26 Jul Grant Will Provide for Digitization of Historic Japanese American Newspaper
The Marriott Library has recently been selected for a $16,343 grant from the Department of Heritage and Arts (DHA) to digitize the historic Japanese American newspaper, The Utah Nippo.
Spanning 78 years from 1914 to 1991, The Utah Nippo tells the story of its first-generation Japanese American settlers, along with the history of the great west as population and industry took flight.
One of only three Japanese language newspapers in the United States at the time, The Utah Nippo provided news to the Japanese communities in Utah, Idaho, Western Wyoming, and Eastern Nevada. After the bombing of Pearl Harbor in 1941, the United States government forbade the circulation of all Japanese language newspapers. However, not long after this ban, the government then granted approval for The Utah Nippo to resume circulation, as Japanese Americans needed to be informed of official policies regarding relocation, curfews, and other wartime news. Because of this, The Utah Nippo circulation reached its peak during the World War II years and was a highly valued newspaper for the Japanese American people of the Intermountain area.
The Utah Nippo was founded by Salt Lake City resident Uneo Terasawa and, upon his death in 1939, his wife Kuniko Muramatsu Terasawa took over the publishing. Over the course of 52 years, Kuniko served as reporter, editor, typesetter, and publisher, and became a distinguished newspaperwoman. When Kuniko passed away in August of 1991 at the age of 95, the publishing of The Utah Nippo came to a close. At the same time, her death marked the end of the Issei Era in Utah (the first-generation of Japanese Americans).
After Kuniko’s death, her daughters, Kazuko Terasawa and Haruko Terasawa Moriyasu, donated the full run of The Utah Nippo to the Marriott Library. With the DHA grant, the 46,550 pages of The Utah Nippo will be digitized for the use of all, on a global level. Spanning September of 2016 through June of 2017, this project will satisfy many needs by placing The Utah Nippo online for the world, granting convenient and long lasting public access, as well as preserving the content in digital form. Additionally, the library’s Preservation Department will be taking measures to preserve and re-house the original newspapers.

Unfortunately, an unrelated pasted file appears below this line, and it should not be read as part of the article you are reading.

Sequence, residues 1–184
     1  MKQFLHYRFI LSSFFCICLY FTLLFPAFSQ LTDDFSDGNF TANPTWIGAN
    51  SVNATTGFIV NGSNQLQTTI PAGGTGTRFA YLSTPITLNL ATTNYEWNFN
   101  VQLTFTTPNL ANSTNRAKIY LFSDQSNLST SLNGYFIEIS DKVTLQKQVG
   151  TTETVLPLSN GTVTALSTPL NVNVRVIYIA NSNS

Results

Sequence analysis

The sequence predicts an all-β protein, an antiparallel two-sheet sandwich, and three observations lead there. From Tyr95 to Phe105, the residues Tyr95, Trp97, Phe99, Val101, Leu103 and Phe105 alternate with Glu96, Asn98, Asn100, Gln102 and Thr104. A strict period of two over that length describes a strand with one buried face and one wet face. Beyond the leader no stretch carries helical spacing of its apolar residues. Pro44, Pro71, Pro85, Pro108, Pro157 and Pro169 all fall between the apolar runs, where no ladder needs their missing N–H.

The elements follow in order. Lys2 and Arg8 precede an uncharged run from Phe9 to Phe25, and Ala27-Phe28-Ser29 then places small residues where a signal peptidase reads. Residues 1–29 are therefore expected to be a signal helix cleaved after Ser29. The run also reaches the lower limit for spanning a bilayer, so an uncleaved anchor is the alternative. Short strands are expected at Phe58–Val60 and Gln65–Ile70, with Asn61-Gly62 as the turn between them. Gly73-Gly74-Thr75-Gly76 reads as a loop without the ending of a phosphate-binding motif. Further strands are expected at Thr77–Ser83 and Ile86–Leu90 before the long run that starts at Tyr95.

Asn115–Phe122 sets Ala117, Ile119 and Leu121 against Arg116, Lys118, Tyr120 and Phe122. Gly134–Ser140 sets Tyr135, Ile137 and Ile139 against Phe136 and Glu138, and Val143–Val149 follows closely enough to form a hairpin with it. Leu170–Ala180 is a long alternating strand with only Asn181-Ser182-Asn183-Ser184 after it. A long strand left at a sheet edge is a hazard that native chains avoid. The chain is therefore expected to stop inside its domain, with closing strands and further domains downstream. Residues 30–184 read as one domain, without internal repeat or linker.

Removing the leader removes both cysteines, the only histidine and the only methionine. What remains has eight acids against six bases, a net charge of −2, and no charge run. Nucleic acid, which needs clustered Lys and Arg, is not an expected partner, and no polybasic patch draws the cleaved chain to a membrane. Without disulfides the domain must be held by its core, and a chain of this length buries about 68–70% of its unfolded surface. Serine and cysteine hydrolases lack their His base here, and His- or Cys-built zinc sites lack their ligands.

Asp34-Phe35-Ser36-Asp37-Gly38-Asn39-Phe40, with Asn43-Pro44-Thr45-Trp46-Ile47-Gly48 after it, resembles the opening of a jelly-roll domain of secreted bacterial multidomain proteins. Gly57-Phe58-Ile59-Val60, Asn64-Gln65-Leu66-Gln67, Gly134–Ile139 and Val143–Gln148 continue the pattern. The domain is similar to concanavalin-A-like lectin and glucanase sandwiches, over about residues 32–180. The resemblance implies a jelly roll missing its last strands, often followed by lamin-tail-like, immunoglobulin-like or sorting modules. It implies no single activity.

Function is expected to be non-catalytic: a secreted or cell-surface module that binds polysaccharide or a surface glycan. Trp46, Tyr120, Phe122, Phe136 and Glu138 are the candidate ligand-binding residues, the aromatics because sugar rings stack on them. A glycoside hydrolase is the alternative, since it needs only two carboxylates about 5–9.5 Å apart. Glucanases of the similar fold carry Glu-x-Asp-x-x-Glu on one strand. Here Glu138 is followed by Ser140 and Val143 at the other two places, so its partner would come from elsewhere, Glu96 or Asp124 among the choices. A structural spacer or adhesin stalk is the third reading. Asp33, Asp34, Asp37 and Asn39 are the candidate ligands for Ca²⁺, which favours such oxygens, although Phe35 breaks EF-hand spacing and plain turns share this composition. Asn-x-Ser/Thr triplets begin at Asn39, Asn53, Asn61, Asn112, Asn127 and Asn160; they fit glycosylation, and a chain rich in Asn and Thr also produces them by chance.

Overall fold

“The requested funding will enable the Marriott Library to digitize the entire run of The Utah Nippo newspaper collection and add it to our renowned library of digital newspapers,” explains Kinza Masood, Assistant Head of Digital Operations. “We are extremely excited about this contribution and what it means for access to this incredible resource.”
CORRECTION: Earlier version of this article about the Utah Nippo’s grant funding incorrectly stated that the award amount listed has been made possible through LSTA funds. The Department of Heritage and Arts (DHA) has elected to fund this grant project from their own budget. This version has been modified to reflect the correct funding agency for this award.
Jen jenkinsPosted at 00:09h, 28 July
Gina StrackPosted at 16:43h, 08 August
I stumbled across some early Japanese immigrants to Utah while working on birth certificates, chronicled at https://archivesresearch.wordpress.com/2010/11/03/frank-and-iku-arima/. I’ve wondered since then if these births were some of the first of Japanese descent born in Utah. The cursory research I did points to the family leaving prior to 1914, but I might still take a look at this incredible project!
Raymond Takashi SwensonPosted at 19:28h, 14 September
My mother was a subscriber to the Utah Nippo all the years I was growing up. In addition to its Japanese language content it also carried English language stories of interest to the Japanese American community. Because Utah was far enough inland that it was not covered by the evacuation requirement of Executive Order 1066, it became the center of the Japanese American Citizens League which was one of the few organized voices for Japanese Americans during World War II, including testifying in Congress about the loyalty of the Japanese Nisei (second generation, born in the USA), which led to the formation of the 442 Regimental Combat Team of Japanese Americans from Hawaii and the mainland, which became one of the most decorated Army units in the European theater, fighting in Italy and France.
Raymond Takashi SwensonPosted at 19:39h, 14 September
Digitizing the Utah Nippo is important because trying to translate all of its content into English in order to preserve it in an normal alphabetical file would be way too difficult. I assume that some basic translation or transcription of titles will be done to make it more searchable, but Japanese language Optical Character Reading software will be able to a lot of basic transcription, which can then be translated with software. Digitizing the kanji characters has to be the first step.
This project should help us remember how difficult it was to put together a printed publication in Japanese before the age of computers. Rather than simply upper and lower case alphabets of 26 letters, a typical Japanese language newspaper reader needs to now about 2,000 separate ideograms. You can imagine the extra labor involved in assembling the Japanese type for this weekly publication.
Pingback:Utah Digital Newspapers Reaches 2 Million Pages - NewsletterPosted at 21:15h, 06 June
[…] The digitization of the Springville Herald was made possible through grants from the Utah State Historical Records Advisory Bureau (USHRAB), the Springville Arts Commission, and the Springville Historical Society. In addition to the project for the Springville Herald, we are also currently adding more content in UDN for the Daily Herald, Park Record, Pleasant Grove Review, Vernal Express, Orem Geneva Times, Hilltop Times, American Fork Citizen, and the Utah Nippo. […]